Graziano is sometimes torn between providing an analysis of state borders today and theorizing other types of internal or transnational borders. Rural to urban migration receives far less attention, but is as dramatic as international migration, with migrants often confined to slums on the periphery of cities where they work 3-D (dirty, dangerous, and demeaning) jobs and face discrimination and sometimes violence. Graziano makes valuable points about “the invisible, albeit no less effective, borders that internally segment states, regions, cities, and neighborhoods” (p. 34). He notes the obstacles imposed on internal migrants—most dramatically, internally displaced people restricted to camps. He also brings up the Chinese hukous system in which internal passport controls deny Chinese migrants without internal visas social services and secure employment. He concludes that internal migrants also often find their progress stymied by invisible boundaries of economics and class.

The plight of international immigrants, Graziano notes, parallels the problems for internal migrants. International immigrants often find themselves segregated in ghettos or banlieus. Though international and internal borders are often studied independently, there is a strong case for examining them under the same analytic lens, as they often interact and reinforce each other. Here Graziano misses an opportunity by writing that “the border is something immigrants bring with them” (p. 40) without discussing how borders are often imposed on immigrants and other racialized populations.

Chapter 2 also includes a fascinating discussion of ideological borders, which include the construction of religious borders in what Olivier Roy calls “holy ignorance” (p. 45). Under holy ignorance, religion is severed from its cultural and geographical context, territorialized, and used to offer (ultimately illusory) solutions to complex problems. There is a parallel here with how national identity is invoked as a bulwark against perceived insecurity and threats. Often, erecting borders (or appearing to erect borders) does not protect from external threats, but in fact generates them. Graziano gives the example of the partition of India in 1947 and the perversity of immigration enforcement, which often serves less to prevent migration than to make it more lethal and more lucrative for smugglers and security firms.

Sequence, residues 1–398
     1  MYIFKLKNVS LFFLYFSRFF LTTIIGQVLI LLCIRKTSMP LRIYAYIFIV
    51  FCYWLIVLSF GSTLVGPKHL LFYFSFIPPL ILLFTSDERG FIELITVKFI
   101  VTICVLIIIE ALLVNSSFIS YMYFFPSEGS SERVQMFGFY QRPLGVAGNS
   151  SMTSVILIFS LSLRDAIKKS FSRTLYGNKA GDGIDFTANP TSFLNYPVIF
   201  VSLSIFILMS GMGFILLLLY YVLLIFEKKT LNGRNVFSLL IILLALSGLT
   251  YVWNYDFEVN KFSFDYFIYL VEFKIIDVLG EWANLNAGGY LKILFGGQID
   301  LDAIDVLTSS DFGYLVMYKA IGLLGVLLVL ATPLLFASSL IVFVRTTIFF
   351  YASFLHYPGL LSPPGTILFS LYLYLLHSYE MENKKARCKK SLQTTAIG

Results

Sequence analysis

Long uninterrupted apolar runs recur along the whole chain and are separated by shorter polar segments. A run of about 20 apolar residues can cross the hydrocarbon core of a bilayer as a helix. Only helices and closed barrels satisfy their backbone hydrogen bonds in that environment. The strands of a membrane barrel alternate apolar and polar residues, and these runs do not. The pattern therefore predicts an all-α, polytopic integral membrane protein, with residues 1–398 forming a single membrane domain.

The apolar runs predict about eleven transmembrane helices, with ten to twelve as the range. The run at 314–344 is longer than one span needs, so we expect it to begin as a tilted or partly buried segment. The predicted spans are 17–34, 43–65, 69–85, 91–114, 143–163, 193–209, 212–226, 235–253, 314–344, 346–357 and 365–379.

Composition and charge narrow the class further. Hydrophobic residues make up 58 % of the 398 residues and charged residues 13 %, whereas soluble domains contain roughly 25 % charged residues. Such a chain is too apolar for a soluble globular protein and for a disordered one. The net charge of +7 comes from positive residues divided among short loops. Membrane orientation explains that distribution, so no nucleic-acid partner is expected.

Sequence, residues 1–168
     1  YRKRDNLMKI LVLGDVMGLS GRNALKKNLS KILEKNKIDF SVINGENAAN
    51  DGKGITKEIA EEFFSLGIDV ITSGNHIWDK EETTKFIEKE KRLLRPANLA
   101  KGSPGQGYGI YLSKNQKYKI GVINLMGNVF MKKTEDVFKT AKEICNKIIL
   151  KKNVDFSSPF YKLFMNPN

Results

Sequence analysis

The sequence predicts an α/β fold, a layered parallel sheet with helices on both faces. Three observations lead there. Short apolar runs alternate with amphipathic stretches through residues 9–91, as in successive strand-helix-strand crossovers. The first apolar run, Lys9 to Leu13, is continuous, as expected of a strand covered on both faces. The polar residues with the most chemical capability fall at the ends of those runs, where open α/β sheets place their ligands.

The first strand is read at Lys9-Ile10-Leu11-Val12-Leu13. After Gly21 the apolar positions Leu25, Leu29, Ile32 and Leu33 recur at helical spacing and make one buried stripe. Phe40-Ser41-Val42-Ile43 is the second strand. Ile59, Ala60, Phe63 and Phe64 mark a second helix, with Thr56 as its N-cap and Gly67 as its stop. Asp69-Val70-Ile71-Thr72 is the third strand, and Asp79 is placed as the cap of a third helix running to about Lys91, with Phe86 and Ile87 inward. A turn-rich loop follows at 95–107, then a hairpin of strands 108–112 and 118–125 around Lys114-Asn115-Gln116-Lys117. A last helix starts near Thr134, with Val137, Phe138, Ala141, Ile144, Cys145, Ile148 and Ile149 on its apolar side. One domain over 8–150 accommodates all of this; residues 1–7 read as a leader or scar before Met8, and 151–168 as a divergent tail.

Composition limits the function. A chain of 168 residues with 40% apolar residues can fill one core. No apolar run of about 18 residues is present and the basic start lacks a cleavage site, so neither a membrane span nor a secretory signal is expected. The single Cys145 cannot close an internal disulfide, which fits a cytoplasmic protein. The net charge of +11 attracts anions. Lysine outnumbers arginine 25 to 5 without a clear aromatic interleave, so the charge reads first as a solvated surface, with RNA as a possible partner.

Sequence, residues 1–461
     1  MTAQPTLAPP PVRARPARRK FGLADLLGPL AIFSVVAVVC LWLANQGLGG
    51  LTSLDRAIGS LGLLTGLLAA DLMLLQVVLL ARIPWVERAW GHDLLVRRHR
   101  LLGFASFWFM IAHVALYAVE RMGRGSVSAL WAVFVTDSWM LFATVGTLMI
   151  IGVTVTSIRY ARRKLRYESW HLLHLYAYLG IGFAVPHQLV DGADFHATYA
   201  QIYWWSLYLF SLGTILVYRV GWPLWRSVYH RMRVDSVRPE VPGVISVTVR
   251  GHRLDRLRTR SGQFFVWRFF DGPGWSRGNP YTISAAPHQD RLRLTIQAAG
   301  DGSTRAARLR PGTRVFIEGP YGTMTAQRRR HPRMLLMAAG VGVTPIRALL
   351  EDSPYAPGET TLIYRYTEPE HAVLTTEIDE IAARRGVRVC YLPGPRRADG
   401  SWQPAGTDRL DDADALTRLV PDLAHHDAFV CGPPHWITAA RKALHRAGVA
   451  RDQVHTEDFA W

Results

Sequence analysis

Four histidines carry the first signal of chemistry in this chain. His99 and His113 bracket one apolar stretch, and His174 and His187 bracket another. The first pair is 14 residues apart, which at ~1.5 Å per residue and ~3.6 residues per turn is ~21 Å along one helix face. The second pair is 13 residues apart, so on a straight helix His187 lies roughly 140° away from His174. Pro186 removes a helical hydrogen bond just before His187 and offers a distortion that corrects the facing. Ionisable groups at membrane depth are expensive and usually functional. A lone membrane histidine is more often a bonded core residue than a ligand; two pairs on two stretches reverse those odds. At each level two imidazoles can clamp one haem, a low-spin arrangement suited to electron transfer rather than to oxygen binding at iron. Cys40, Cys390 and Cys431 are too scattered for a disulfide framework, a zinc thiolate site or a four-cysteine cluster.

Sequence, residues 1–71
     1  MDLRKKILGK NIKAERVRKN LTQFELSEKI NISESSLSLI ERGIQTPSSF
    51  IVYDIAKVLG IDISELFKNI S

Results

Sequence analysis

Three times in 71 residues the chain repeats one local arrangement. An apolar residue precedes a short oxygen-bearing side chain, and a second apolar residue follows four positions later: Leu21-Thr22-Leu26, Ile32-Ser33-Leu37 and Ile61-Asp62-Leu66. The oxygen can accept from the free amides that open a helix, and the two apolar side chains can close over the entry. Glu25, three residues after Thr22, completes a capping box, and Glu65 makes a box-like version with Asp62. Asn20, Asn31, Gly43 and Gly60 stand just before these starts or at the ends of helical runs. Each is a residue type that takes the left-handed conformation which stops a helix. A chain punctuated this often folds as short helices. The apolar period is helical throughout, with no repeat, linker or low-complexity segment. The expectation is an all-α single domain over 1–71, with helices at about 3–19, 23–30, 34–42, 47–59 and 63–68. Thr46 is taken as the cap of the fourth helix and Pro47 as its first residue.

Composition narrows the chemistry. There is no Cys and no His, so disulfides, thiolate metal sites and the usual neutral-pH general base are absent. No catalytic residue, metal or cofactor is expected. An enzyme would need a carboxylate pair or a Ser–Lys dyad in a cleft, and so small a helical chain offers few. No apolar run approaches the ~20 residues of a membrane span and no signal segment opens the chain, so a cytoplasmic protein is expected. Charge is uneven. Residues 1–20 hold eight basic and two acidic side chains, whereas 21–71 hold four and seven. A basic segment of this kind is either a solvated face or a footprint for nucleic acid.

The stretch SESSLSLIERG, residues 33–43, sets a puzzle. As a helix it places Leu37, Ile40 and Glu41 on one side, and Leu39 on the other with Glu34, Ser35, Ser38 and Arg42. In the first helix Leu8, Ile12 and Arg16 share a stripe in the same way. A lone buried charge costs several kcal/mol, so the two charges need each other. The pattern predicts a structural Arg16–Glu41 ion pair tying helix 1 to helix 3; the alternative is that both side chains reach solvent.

In the ambitious, unwieldy final chapter, “Borders in Progress,” Graziano surveys borders today, covering Europe, the Middle East, Africa, Russia, China, and the United States. The ultimate effect of this chapter is to demonstrate the perversity of many borders (for example, Middle Eastern and African borders were imposed by colonial powers) and their surprising stability (which does not entail political stability).

Graziano ends with two messages. The first message is that the recent turn to erecting borders is a response to a shift in relative power away from “old” powers to emerging countries such as China, India, and Indonesia. This contributes to scapegoating of immigrants and foreign competitors, creating a vicious cycle in which nativism and protectionism cause further decline. Nowhere is this starker than with Brexit, where “compensating for the anxieties generated by the ongoing changes on a global scale is an act psychologically comparable to committing suicide for fear of dying” (p. 84). There may be something to this narrative of decline and reaction for western Europe, but it is not clear how it would explain the resurgence of Hindu nationalism in India or Prime Minister Viktor Orbán’s increasingly xenophobic regime in Hungary.

The second message is that with a few exceptions, borders have been remarkably stable since the end of World War II and their modification is dangerous—as the cases of Eritrea and South Sudan attest. Within this context, Russia’s annexation of Crimea is particularly alarming, as are proposals in the Middle East to shift borders along sectarian lines. What Is a Border? thus ends on an ambivalent, if not paradoxical note: neither the reassertion of traditional borders nor the redrawing of borders is likely to resolve the current malaise.

Graziano ends by telling us borders “must be handled with care and wisdom so as not to become permanent threats hanging over humanity’s heads like the sword of Damocles” (p. 88). No doubt this is right, but it leaves us in an uncomfortable position. Reactionary reassertions and radical proposals for redrawing borders are likely unwise. At the same time, conservative attempts to maintain the status quo are likely unfeasible. The only remaining option is abolition of borders, which appears unlikely and raises its own challenges. What Is a Border? serves as a useful primer that leaves us with the realization that there is much to learn if we are to create more satisfactory political and social groupings for today’s world.


[1]. Élisabeth Vallet, “Border Walls Are Ineffective, Costly and Fatal—but We Keep Building Them,” The Conversation, July 3, 2017,

[2]. Amy Nethery and Stephanie Jessica Silverman, eds., Immigration Detention: The Migration of a Policy and Its Human Impact (London and New York: Routledge, 2015).

[3]. Michael Peel, Alex Barker, and Mehreen Khan, “EU Plans 10,000-Strong Border Force to Tackle Migration,” Financial Times, September 9, 2018, What is fascinating about this particular development is that it is an EU initiative to police national borders, illustrating the often incongruous nature of border controls.

[4]. Republished as chapter 4 in Étienne Balibar, Politics and the Other Scene (London: Verso, 2002).

[5]. Reece Jones, Violent Borders: Refugees and the Right to Move (London: Verso, 2016).

[6]. For discussion, see Stuart Elden, The Birth of Territory (Chicago: University of Chicago Press, 2013).

Citation: Alexander Sager. Review of Graziano, Manlio, What Is a Border?. H-Diplo, H-Net Reviews. November, 2018. URL: